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Sunday, May 26, 2024

‘Sister’s Day’: Can University of Faisalabad reform Valentine’s Day?

News Analysis|

A Pakistani university is rebranding Valentine’s Day as “Sister’s Day”, and debating marking the holiday widely seen as a Western import by handing out headscarves and shawls to its female students.

The University of Agriculture in Faisalabad (UAF), in central Punjab province, said the change was taken to promote “eastern culture and Islamic traditions among the youth”.”In our culture, women are more empowered and earn their due respect as sisters, mothers, daughters, and wives,” UAF vice chancellor Zafar Iqbal is quoted as saying on the institution’s website.

“We were forgetting our culture, and Western culture was taking root in our society,” he continued. “UAF was mulling a plan to distribute scarves, shawls and gowns printed with the UAF insignia among female students” on February 14, the statement on the website added.

There is criticism over the focus on female students which gives the impression as they are the source of the problem and not the males who largely dominate society.

University spokesman Qamar Bukhari told AFP Monday that UAF is seeking donations as it aims to give headscarves to at least 1,000 of its 14,000 female students. “These scarfs will be distributed by the university administration and not their fellow male students,” he added, saying that the goal is to ensure respect for women.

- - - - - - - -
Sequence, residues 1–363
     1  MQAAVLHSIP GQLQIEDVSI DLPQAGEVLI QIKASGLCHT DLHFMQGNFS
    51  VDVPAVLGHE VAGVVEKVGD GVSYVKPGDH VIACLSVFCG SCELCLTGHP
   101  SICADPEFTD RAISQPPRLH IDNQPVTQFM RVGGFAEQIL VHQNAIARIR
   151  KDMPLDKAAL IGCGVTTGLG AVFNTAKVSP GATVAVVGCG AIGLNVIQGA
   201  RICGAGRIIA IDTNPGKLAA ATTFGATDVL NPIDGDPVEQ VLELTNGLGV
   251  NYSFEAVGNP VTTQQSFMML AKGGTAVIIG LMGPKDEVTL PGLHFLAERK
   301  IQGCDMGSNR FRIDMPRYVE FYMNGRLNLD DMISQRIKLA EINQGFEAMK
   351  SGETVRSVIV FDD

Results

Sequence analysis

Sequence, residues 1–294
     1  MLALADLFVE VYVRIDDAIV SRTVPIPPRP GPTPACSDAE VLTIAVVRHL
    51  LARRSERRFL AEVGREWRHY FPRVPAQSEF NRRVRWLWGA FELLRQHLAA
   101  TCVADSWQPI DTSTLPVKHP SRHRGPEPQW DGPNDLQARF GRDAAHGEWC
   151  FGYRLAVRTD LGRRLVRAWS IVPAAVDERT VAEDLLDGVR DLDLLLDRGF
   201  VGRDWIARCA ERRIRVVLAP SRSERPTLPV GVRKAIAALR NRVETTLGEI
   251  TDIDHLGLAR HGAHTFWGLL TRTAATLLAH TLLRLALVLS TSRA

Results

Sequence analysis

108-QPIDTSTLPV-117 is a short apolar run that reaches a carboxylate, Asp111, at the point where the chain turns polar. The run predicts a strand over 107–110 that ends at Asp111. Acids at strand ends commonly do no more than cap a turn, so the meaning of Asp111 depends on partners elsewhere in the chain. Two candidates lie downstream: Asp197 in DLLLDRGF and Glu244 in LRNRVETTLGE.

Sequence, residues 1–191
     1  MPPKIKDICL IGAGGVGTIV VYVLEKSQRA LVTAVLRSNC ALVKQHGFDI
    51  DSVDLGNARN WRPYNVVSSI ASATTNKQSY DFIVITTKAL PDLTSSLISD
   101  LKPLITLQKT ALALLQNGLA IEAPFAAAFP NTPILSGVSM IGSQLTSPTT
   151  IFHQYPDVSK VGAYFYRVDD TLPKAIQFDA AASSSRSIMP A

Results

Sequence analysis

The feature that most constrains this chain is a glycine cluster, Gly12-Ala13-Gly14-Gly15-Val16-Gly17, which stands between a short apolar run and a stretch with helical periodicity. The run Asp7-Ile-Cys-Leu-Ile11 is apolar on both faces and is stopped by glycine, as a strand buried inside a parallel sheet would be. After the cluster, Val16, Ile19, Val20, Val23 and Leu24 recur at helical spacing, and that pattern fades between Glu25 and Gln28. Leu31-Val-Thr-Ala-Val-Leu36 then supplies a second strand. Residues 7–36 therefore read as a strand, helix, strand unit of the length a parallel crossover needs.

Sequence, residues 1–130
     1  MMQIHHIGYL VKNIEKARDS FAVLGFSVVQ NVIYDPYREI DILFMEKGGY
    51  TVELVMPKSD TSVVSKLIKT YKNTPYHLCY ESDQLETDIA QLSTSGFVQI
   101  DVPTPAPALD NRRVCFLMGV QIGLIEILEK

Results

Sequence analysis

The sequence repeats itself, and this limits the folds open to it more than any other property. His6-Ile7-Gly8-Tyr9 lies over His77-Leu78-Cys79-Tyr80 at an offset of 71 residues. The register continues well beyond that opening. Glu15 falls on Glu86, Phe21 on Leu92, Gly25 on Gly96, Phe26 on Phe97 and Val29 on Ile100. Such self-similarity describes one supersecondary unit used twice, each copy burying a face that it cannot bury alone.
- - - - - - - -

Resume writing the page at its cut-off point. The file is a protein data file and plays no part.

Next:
Valentine’s Day is increasingly popular among younger Pakistanis, with many taking up the custom of giving cards, chocolates, and gifts to their sweethearts to mark the occasion. But the country remains a deeply traditional Muslim society where many disapprove of the holiday as a Western import and link it with rising corporate driven materialism in society.

Pakistan’s President Mamnoon Hussain told a crowd of students in 2016 that the day had no place in the Muslim-majority nation and urged young people to focus on their studies instead. In 2017, the Islamabad High Court prohibited Valentine’s celebrations in public spaces and government offices across the country, while last year the country’s media regulator warned TV and radio stations against promoting the holiday.

Read more: Saudi cleric endorses Valentine’s Day as ‘positive event’

Many see the Western-derived event as mainly another sort of cultural invasion. Many see Valentines Day as another form of Western assault against the Islamic traditions of Pakistani society. Already traditions are assumed to be under attack by Western and Indian cultural influx through mainstream and social media.

Traditional Pakistanis see all females in the angle of mothers, sisters, and daughters. Valentine day is seen as completely changing that perspective and thus causing moral degradation among society.

The Islami Jamiat-e-Taleba, Pakistan largest religiopolitical students body has tried to rebrand Valentines Day for years by rebranding it as “Haya (Modesty) Day”. However, it has not found success largely due to its violent enforcement methods as well as other factors.

Read more: Valentine’s Day against Islam: Islamabad High Court

Many questions whether the UAF will be able to reform Valentines Day in line with Pakistani traditions. There is criticism over the focus on female students which gives the impression as they are the source of the problem and not the males who largely dominate society.

Already, there was a derisive reaction by some quarters to the attempt



However, there was some support as well